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Essays and Such

Irish Cultural Society

of San Antonio Texas

ICH LOGO

Promoting Awareness of Irish Culture

Dracula is Irish
by Bob Slattery
Dracula Lore Began in Ireland

Dracula lore began in Ireland

 
Bram Stoker, the author of the world's most famous vampire book, 
"Dracula, was born in Clontraf, Dublin, Ireland, in 1847, during 
the terrible years of the Great Famine. He was born in the month 
of November, traditionally the Month of the Dead!  He did not walk 
until he was age seven and was often confined to his bedroom. He 
constantly begged his mother to tell, and retell, stories of 
ancient Irish myths and legends. To these she blithely added 
accounts of the 1832 cholera epidemic in her native Sligo. They 
were filled with such memories as hearing the banshee's cry when 
her mother died. She related how some drank blood extracted from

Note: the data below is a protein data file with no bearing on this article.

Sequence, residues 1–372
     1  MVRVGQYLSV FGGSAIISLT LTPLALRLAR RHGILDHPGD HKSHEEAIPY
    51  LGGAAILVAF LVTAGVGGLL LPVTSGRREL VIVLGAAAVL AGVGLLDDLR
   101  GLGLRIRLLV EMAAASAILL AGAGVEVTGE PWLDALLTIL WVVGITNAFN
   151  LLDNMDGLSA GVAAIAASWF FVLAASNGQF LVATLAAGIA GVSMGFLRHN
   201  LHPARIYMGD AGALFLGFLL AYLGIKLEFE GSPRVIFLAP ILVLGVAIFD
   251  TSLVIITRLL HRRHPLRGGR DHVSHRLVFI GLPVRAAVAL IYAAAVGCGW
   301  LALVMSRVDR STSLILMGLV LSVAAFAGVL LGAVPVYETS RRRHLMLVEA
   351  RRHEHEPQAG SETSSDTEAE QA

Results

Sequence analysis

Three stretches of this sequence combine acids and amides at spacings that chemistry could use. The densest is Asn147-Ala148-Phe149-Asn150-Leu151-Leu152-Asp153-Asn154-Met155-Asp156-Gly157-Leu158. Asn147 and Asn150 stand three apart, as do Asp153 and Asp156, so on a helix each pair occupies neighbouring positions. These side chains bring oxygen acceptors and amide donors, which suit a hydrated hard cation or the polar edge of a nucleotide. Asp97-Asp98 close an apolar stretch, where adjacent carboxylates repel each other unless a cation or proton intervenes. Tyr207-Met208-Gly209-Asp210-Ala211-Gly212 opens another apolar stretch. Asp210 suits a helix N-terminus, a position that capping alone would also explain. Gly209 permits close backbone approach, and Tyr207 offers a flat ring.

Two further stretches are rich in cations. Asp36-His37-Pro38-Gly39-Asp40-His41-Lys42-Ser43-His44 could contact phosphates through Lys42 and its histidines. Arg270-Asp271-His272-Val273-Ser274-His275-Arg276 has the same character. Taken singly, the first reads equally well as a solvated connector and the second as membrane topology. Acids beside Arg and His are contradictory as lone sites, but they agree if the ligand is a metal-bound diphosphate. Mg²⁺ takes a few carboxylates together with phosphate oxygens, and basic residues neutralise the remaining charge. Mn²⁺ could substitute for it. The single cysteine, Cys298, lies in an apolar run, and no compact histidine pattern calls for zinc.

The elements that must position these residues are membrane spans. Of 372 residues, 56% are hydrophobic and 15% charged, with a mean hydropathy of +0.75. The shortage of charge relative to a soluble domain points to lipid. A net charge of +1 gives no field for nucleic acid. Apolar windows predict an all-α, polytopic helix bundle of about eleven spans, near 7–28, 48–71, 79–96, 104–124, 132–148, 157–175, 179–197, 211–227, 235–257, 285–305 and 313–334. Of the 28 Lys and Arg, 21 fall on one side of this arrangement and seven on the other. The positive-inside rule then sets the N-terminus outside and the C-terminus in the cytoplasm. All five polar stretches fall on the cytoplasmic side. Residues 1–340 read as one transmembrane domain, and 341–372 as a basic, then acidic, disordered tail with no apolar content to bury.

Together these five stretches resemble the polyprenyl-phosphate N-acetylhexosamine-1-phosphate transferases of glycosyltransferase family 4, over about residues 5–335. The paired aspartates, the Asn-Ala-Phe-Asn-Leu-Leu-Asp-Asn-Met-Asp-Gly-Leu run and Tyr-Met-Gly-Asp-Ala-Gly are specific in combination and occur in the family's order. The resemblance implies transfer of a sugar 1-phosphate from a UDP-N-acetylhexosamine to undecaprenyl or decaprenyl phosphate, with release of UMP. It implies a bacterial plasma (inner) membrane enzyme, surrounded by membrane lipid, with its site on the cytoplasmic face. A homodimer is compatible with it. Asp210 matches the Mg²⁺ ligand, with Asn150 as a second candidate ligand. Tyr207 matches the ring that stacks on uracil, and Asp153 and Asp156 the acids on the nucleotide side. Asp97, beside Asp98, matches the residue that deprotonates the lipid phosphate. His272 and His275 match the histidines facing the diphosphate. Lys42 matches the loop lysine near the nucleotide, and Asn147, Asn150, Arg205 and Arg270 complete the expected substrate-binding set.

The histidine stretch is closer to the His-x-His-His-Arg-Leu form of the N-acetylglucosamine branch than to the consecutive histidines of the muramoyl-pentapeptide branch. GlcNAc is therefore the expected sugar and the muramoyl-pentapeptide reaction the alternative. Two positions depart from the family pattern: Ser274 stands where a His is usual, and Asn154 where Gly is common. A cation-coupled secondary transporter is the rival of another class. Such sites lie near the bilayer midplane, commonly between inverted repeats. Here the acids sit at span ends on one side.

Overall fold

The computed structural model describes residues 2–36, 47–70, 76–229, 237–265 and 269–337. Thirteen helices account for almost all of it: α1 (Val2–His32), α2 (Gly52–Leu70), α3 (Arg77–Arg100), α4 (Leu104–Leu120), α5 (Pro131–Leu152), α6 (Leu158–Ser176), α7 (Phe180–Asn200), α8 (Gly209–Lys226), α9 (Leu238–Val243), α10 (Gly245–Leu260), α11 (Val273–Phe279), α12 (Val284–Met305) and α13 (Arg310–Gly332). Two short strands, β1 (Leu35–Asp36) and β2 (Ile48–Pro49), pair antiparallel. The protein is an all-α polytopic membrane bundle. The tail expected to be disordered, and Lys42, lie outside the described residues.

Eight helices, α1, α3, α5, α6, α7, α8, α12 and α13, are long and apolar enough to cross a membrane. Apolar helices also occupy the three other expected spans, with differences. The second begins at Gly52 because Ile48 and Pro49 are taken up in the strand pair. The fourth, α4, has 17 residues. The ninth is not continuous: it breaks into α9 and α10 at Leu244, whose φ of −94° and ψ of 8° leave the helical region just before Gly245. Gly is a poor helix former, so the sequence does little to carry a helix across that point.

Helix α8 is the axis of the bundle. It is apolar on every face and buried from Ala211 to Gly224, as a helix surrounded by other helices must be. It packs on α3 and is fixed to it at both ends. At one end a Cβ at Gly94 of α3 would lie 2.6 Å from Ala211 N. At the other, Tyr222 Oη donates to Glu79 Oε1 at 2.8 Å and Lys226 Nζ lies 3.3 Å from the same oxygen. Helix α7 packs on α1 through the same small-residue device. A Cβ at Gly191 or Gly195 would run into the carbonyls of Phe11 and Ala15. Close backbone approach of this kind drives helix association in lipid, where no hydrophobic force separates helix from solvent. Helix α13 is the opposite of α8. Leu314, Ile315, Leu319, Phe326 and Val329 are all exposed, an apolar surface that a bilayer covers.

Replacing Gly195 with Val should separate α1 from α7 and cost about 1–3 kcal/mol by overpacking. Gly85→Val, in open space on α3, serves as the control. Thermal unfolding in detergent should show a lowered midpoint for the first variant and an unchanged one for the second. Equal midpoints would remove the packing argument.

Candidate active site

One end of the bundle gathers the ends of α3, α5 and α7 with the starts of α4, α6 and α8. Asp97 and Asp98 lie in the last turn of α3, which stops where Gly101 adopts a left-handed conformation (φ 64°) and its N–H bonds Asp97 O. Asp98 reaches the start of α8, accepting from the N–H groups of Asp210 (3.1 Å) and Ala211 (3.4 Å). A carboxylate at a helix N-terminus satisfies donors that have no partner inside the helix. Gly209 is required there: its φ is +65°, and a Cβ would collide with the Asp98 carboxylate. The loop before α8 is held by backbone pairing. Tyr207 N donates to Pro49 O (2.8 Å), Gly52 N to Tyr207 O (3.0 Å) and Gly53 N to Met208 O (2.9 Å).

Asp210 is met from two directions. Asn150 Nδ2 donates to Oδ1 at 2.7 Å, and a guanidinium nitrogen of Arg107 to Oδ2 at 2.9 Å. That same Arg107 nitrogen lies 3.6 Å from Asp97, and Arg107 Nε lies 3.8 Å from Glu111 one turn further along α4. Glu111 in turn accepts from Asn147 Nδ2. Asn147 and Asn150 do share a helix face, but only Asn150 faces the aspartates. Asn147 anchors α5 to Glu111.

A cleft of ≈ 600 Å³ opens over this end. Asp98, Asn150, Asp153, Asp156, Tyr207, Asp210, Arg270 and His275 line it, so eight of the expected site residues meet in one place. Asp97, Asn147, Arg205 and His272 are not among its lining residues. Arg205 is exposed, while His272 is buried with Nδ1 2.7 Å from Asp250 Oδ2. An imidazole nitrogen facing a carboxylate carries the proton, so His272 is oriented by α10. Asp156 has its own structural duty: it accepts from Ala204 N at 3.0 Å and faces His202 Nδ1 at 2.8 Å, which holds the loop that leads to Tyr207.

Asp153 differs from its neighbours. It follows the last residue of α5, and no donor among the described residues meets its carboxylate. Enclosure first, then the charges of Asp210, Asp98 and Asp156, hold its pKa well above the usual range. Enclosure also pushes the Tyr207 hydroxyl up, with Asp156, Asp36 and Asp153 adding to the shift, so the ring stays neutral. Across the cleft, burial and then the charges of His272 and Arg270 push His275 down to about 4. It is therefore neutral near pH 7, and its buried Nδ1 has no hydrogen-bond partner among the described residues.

the veins of cattle to ward off the cholera.

	There were accounts of coffin makers going door to door 
and hurried burials resulting in speculation that some were buried 
alive - hardly a normal bedtime story formula but grist  for the 
mill of an impressionable boy's imagination.  Superstition, 
history, folk tales and blood became part of Stoker's lifetime 
mental file system. Such stories were to inspire several of his 
eighteen novels, none of which equaled "Dracula."
  
For Stoker, the highlight of any stay in Paris was always a visit 
to the morgue, open to the public at that time!  There is 
speculation that Stoker would also have been familiar with the 
Celtic word
dhroc, f hole meaning " of bad blood," and pronounced "druc ulla." 
A strange coincidence with the name "Dracula."